Boss Fight Studio Sam & Max

Sometimes a toy comes along that I just can’t ignore. There’s just something neat about it, or the aesthetic so on point, that I want to own it even if I have little or no attachment to the source material. Such is the case with the Boss Fight Studio release of Sam & Max. I am only aware of the existence of Steve Purcell’s Freelance Police duo. I mostly remember them from advertisements in video game magazines since their point and click adventures were fairly popular back in the day, at least, as popular as that genre ever could be. I’ve seen a little of the animated series that aired on Fox Kids and even covered the Christmas episode in 2019, but that’s the most in depth I’ve ever gone with the property. Still, I always found the duo pleasant to look at and I am drawn to the property as it certainly sounds like something I would enjoy (in particular the graphic novels), but I’ve just never taken the plunge.

When Boss Fight Studio started teasing these figures back in 2018 I mostly had no reaction. When the full reveal took place in February of 2019 I thought they looked nice, but was able to just file it away in the back of my mind. As time went by I’d get more and more looks at these guys and they just started to really captivate me. When they were finally released in late 2020 I was fully onboard and intrigued enough that I knew I wanted them, and I held out until Boss Fight Studio revealed their Christmas deals. Even though these guys weren’t on sale, I used the excuse of free shipping and the desire to add another Bucky O’Hare Storm Toad to grab a pair.

Sam & Max began life as a comic, but has since migrated to other forms of media.

It’s probably a good thing that I wasn’t hooked from the get-go, as you probably noticed in that last paragraph that there was a lengthy development cycle associated with this duo. I don’t know if there were any challenges that pushed things back on the development side. I would guess since these guys are very much their own thing it takes some time to get stuff together at the factory. Boss Fight may have elected to wait for the pre-orders to clear a certain amount before going into full production to ensure profitability. And then, of course, COVID eventually messed things up. In the US, we tend to think of COVID as a 2020 problem, but for toy makers it was a 2019 problem as well when factories in China shut down as the virus spread and didn’t restart for months. And when they did restart it was with skeleton crews that persist to this day. Even big toy producers were hit hard, so a smaller shop like Boss Fight was especially impacted. Patience is a virtue though, and as the old saying goes, good things come to those who wait. Sam and Max have arrived, and hopefully for fans of the property, the wait was worth it.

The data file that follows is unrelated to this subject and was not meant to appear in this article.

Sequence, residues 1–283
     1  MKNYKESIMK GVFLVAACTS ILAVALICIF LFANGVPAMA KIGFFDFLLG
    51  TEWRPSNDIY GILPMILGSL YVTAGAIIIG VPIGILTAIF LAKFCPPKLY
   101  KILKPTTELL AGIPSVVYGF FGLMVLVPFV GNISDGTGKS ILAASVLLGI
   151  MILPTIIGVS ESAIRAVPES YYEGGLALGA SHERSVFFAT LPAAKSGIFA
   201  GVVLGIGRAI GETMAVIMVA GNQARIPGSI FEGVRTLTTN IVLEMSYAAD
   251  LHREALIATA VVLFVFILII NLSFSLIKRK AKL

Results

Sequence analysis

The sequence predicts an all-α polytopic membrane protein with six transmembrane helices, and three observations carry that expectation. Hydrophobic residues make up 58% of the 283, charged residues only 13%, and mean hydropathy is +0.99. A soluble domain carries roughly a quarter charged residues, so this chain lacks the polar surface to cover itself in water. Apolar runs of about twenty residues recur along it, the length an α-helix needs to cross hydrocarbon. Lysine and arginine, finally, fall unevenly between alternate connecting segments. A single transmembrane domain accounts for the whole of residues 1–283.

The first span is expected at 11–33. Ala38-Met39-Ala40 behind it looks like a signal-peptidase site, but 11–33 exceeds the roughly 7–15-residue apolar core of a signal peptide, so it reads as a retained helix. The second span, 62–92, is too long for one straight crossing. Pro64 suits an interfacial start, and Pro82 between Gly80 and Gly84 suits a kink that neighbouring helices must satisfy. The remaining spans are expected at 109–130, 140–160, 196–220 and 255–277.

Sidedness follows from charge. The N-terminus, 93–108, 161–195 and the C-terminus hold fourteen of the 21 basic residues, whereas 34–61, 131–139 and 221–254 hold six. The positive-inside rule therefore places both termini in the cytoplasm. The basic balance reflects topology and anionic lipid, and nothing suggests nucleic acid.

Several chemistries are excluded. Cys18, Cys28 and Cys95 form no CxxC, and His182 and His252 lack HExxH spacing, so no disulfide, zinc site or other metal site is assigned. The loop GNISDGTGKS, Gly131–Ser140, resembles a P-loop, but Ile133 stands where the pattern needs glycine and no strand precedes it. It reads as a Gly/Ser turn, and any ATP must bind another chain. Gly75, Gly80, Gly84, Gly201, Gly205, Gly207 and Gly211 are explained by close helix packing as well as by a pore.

Both Sam and Max come packaged in a very attractive window box. It features new artwork from Steve Purcell with a comic strip printed on the back. There are some product shots as well as a summary of the items on one side. Max is labeled as 01 and Sam 02 and I do not know if there are any plans for more figures in this line. My guess would be some variants are probably under consideration so that Boss Fight can squeeze a little more value out of these molds, but even if it’s just a duo, it’s a nice little display piece for collectors. And the box is attractive and it’s easy to reseal should you desire to. I’m a big fan of the resealable blister Boss Fight has utilized with Bucky O’Hare, but this is pretty nice too!

Max, resident “Rabbity Thing” and most of his stuff.